Document Type: 
Document Number (FOIA) /ESDN (CREST): 
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Document Creation Date: 
December 22, 2016
Document Release Date: 
December 12, 2011
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Case Number: 
Publication Date: 
May 5, 1987
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PDF icon CIA-RDP90-00965R000705970001-6.pdf77.98 KB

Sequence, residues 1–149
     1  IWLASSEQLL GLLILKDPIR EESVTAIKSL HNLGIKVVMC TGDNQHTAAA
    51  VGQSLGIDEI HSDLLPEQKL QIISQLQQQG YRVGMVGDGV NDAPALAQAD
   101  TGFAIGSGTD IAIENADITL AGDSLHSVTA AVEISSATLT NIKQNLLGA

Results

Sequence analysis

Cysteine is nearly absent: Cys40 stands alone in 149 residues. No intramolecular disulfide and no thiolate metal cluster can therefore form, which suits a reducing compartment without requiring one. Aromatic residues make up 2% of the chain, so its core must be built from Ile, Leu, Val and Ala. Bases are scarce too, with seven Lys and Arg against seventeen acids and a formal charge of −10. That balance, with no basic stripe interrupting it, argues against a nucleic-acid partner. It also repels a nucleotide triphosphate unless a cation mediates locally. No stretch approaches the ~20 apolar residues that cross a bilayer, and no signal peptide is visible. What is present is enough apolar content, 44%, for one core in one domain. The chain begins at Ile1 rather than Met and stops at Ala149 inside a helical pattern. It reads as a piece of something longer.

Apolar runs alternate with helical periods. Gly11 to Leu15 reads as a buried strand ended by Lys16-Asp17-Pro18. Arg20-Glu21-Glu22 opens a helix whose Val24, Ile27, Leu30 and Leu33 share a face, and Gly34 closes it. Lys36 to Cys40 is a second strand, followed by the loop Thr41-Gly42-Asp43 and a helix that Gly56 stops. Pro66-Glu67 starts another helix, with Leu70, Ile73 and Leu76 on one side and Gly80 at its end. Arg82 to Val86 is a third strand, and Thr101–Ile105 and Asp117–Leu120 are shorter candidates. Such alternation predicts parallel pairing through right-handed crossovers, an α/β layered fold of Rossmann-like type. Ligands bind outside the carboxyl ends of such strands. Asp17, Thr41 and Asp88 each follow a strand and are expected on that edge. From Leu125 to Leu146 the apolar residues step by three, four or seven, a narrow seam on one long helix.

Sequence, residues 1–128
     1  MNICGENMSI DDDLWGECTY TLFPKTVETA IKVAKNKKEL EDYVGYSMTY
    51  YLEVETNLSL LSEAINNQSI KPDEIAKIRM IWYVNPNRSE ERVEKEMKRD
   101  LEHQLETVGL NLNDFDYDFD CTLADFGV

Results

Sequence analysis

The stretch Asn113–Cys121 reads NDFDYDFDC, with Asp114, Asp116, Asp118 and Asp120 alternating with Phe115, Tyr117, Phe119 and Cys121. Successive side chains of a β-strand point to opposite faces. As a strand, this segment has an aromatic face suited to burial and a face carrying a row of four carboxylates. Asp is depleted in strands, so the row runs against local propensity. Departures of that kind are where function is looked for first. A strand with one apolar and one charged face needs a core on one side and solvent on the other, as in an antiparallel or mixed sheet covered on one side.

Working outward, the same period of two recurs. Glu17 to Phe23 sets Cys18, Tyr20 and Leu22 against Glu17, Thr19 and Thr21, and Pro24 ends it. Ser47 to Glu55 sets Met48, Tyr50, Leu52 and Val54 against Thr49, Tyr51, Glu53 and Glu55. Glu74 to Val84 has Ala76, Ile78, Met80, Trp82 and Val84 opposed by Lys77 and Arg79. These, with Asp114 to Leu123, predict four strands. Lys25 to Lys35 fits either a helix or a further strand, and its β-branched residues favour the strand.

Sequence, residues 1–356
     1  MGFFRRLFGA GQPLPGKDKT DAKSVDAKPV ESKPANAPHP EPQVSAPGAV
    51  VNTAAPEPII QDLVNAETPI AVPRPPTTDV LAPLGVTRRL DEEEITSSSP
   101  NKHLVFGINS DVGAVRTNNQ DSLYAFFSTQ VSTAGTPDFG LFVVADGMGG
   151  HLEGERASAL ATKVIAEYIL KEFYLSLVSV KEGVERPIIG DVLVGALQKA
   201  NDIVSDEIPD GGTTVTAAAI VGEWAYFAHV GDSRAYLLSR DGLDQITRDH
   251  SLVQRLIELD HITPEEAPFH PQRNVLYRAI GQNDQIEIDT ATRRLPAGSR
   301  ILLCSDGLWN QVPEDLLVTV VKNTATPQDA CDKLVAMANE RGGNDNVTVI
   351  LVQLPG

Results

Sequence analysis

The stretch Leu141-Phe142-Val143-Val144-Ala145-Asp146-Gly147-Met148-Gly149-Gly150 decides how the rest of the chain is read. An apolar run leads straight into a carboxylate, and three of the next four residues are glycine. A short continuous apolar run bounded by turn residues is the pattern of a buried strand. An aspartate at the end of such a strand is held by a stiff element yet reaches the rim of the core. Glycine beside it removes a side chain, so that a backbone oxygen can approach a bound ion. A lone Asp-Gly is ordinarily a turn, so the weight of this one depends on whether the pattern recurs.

Declassified in Part - Sanitized Copy Approved for Release 2011/12/12 : CIA-RDP90-00965R000705970001-6 ARTICLE APPEIAR ON N PAGE U,S. INVESTIGATING ENVOY SOCIALIZING By ELAINE SCIOLINO Special to The New York Time WASHINGTON, May 4 -;me State Department is investigating several cases in which American diplomats may have violated rules against unau- thorized socializing with foreigners in sensitive posts overseas, a high-rank- ing State Department official said to- day. He said the diplomats might be reassigned or recalled. The official, Robert E. Lamb, Assist- ant Secretar y of State for Diplomatic Security, also said the State Depart- ment and other Federal agencies in- vestigated more than 10 American em- bassy staff members every year be- cause of unauthorized socializing with foreign employees and residents. Many of these employees are either reas- signed or recalled. "By and large career diolom recognize overtures for what th an re rt em sal Mr. Lamb d cuss g techniques o oviet bloc intel- li1ence agen an interview "When an employee oesn t recognize them for what they are, he or she will be in- vestigated and transferred." Cases Kept Secret Such cases are kept secret to prevent violations of privacy laws. But Mr. Lamb said secrecy was also important to avoid creating a climate in which American governmental employees would be afraid to admit unauthorized socializing. The problem of unauthorized social- izing is more widespread than is gen- ergily acknowledged and extends far beyond the most recent incident in which two Marine guards formerly posted in Moscow have been charged with allowing Soviet agents into the most sensitive areas of the United States Embassy. The marines were re- portedly involved with two Soviet women who worked at the embassy "It's not just the marines," said Mr. Lamb. "The Soviets will target anyone they can." Bs said Soviet bloc and Communist- ddgtlnated nations used socializing both.. inside and outside their own coun- tries as a classic espionage technique. The degree of social contact allowed between-American embassy employ- ees and local residents varies with the sensitivity of the post and the per- ceived extent of a threat. Most rules governing social contact are confiden- tial, and some are secret, according to Administration officials. NEW YO:;r. " IMES 5 'lay 1987 Business Contacts Allowed lowed, but social contacts in Soviet bloc countries and some Communist-domi- nated countries are severely limited. t'One-on-one social contacts are gen- erally precluded in these places," a State Department official said. " There are also rules on how to report each social and business contact. But Administration officials say the nature and extent of the social contact de- &nds to a large degree on the attitude of the individual ambassador. 'Tn the 1970's, an American ambasa- polit- dor in Eastern was recallwho was a ed because he ical appointee ' became involved with a woman who American officials believed was a member of the K.G.B., the Soviet intel- ligence service, according to Adminis- tration officials. American officials working at the United States Interests Section in Havana and the United States Em- bassy in Managua have been sent home in recent years after dating local women. A Case Is Closed The State Department spokesman, Charles E. Redman, said today that the State Department, the Central Intelli- get}pe Agency and the Federal Bureau of Investigation thoroughly investi- gated and then closed a case involving the wife of Harry G. Barnes Jr., the Ambassador to Chile, who had an af- fair with an embassy chauffeur when her husband was Ambassador to Rumania a decade ago. Referring to a report about the in- CiRedman said, "This does refer to in- cidents that occurred nearly 10 years ago, or over 10 years ago." He said that the investigation of Mr. Oarnes's wife, Elizabeth, concluded "that there was no effort to take advan- tage of the situation, and no compro- mise or breach of security took place." STAT Declassified in Part - Sanitized Copy Approved for Release 2011/12/12 : CIA-RDP90-00965R000705970001-6